Digital Transformation as a major issue in science and higher education
It is widely recognized among practitioners and social scientists that digital transformation presents a major change process for today’s society (cf. Schiølin 2020; Schwab 2018; Massen & Passoth 2020; Weyer 2019). Many observers argue that digital change is disrupting established product markets through “creative disruption”, altering valued skills in labor markets and goes along with the destruction of old job profiles and the creation of new knowledge–intensive occupations.
In view of these challenges and opportunities, actors from the economy and politics expect the university system to address these needs in research and teaching and to become themselves “modern”, for example more “digitalized”, organizational actors. Actors in science policy and research funding formulate specific expectations regarding the digital transformation of academia through strategies and priorities that are intended to guarantee competitiveness and adaptivity to the needs of labor markets (cf. European Economic and Social Committee 2019, SBFI 2020).
This relevance attributed to the university sector in digitalization is mirrored in the activities of higher education institutions as well as scientific disciplines (cf. Barton, Müller & Seel; 2019, Hassan 2017; Henke & Pasternack 2020; Mocquet 2017, Wannemacher 2016): Universities around the world declare digital transformation as a major strategic and operational issue (Getto & Kerres 2017; Prinsloo 2020), and we are currently witnessing the creation of new curricula and research fields such as data sciences (cf. Dorschel 2020; Saner 2019) or digital humanities (cf. Antonijević 2015), and of digital teaching platforms (cf. Williamson 2020). Additionally, we witness how digital technologies reconfigure key practices of academics in general: They cooperate with laymen in citizen–science projects via digital platforms (e.g. “galaxy zoo” or “fold it”), make scientific data and publications widely available (“open data”, “open science”, “open access”) and – possibly – evaluate each other more and more strongly via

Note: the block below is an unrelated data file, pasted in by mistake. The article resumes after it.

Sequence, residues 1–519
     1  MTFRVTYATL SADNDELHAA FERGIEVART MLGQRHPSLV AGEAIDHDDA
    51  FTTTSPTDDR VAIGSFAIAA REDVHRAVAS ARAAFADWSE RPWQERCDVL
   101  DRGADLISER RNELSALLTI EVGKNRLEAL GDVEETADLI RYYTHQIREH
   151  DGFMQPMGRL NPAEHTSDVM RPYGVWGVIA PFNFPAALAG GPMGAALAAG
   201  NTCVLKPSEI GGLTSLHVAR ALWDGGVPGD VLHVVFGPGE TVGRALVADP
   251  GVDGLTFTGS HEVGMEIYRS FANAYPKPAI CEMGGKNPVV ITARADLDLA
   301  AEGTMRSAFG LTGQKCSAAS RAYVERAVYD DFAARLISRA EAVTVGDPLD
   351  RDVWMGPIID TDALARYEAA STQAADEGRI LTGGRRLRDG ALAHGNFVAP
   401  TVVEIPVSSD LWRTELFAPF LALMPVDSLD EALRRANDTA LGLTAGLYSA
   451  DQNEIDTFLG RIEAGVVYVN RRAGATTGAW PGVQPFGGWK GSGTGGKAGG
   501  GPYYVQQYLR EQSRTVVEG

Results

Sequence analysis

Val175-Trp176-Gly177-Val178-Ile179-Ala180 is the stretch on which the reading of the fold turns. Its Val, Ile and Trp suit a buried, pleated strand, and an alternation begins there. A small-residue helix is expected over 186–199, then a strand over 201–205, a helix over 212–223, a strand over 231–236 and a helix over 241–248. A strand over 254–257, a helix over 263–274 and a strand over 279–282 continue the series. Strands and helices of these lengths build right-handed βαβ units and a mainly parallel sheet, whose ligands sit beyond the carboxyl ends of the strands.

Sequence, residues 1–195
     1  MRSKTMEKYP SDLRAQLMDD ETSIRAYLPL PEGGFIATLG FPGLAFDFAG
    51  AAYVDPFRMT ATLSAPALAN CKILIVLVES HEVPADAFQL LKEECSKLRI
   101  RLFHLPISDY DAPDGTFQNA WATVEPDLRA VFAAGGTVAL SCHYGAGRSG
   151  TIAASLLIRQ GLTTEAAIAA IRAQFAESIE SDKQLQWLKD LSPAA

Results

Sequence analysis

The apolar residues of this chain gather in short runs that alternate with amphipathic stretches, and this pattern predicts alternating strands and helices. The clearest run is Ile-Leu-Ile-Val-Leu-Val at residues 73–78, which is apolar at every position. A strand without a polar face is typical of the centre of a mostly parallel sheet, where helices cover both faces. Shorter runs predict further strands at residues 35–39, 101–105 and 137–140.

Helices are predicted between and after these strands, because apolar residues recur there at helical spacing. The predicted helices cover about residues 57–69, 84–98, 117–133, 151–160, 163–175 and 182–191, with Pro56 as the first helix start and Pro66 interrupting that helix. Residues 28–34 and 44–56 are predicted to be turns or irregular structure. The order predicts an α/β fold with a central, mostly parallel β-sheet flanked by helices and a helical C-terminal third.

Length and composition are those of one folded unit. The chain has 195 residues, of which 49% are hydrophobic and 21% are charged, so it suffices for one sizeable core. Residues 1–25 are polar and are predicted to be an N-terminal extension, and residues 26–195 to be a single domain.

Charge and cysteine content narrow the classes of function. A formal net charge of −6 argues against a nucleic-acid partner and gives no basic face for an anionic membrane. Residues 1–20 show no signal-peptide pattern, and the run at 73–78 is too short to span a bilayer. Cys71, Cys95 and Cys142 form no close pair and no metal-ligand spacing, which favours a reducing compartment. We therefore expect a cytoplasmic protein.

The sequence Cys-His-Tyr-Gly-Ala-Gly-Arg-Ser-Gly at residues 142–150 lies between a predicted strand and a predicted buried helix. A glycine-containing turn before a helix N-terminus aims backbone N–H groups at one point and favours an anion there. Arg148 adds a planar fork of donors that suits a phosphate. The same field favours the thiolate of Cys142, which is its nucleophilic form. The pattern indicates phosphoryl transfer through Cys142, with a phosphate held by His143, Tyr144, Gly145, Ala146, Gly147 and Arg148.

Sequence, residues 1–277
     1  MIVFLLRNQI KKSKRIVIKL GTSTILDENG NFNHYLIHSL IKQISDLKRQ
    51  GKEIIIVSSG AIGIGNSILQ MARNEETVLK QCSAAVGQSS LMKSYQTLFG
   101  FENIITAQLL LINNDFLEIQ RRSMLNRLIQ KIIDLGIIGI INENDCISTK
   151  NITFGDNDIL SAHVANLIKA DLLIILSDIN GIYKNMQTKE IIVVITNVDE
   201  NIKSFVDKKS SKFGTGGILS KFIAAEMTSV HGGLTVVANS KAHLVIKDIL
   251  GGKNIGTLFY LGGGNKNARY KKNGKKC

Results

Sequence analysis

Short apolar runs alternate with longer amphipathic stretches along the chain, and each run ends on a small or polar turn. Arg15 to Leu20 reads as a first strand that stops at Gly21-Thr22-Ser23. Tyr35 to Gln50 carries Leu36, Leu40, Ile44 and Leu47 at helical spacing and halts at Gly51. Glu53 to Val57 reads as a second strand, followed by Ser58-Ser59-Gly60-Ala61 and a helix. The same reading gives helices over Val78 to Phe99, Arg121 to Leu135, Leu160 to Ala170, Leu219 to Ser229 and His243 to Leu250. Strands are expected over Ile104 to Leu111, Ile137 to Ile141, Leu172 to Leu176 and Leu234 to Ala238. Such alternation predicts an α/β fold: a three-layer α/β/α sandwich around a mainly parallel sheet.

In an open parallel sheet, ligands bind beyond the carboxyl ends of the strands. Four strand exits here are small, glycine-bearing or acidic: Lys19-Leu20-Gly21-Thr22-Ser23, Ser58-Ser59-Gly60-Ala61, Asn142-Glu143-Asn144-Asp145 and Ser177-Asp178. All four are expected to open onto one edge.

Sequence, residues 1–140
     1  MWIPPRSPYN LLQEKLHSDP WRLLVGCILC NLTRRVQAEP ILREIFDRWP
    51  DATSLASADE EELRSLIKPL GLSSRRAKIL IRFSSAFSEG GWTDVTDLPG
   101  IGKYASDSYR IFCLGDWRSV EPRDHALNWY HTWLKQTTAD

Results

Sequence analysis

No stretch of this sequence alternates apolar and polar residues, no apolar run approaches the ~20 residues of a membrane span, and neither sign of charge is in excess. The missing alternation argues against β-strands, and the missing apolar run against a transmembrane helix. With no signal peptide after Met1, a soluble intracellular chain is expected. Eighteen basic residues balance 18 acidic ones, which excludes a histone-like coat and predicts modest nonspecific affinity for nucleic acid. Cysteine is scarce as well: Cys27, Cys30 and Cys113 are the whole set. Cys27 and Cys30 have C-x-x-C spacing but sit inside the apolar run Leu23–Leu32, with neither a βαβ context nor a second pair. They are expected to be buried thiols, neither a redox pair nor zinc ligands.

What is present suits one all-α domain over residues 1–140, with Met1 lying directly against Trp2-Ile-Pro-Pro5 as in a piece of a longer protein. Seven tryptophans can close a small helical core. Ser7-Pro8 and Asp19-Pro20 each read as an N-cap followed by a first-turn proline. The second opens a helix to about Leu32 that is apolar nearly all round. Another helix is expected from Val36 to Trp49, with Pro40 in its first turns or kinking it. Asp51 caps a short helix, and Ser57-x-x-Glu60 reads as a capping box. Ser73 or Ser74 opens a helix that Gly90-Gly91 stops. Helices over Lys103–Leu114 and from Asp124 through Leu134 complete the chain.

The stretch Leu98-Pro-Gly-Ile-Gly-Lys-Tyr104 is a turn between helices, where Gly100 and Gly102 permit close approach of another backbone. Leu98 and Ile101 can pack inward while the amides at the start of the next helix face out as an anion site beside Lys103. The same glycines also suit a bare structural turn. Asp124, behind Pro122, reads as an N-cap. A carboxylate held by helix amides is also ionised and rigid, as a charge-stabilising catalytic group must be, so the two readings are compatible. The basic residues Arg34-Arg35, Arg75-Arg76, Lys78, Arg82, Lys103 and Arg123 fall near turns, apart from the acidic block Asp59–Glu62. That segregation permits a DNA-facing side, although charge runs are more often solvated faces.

“altmetrics” (cf. Franzen 2018; Franzoni & Sauerman 2013; Plantin, Lagoze & Edwards 2018). Furthermore, the institutional context that makes research possible – namely university administrations – is also adopting digital technologies, opening up new freedoms but also creating new restrictions.
The aim of the special issue: Insights into digital transformation in academia
Based on these observations, we aim to assemble contributions that analyze aspects of the digital transformation of science and higher education and give insights into the preconditions, processes and consequences of the uptake of the issue of digital transformation in science and higher education. We welcome conceptual contributions as well as empirical studies from sociology and related fields such as science and technology studies, organizational studies and educational studies. Additionally, we are also open to methodological contributions that discuss the potential of digital technologies as research tools in the social sciences in general and in science studies and higher education research in particular.
Please send an abstract of your contribution proposal to Luca Tratschin (email@example.com), no later than November 15, 2021.
The guest editors will decide by December 1, 2021 which authors will be invited to submit a manuscript. The selected authors will be invited to submit a paper (of maximum 8’000 words or 50’000 characters including tables, graphs and references). The deadline for submission of a contribution is June 1, 2022. Contributions are subject to the usual review process of the Swiss Journal of Sociology. To promote consistency of the volume and international visibility, we ask that contributions be submitted in English only.
You can find the full CfP here: Call_SJS_49-3_Digital-Academia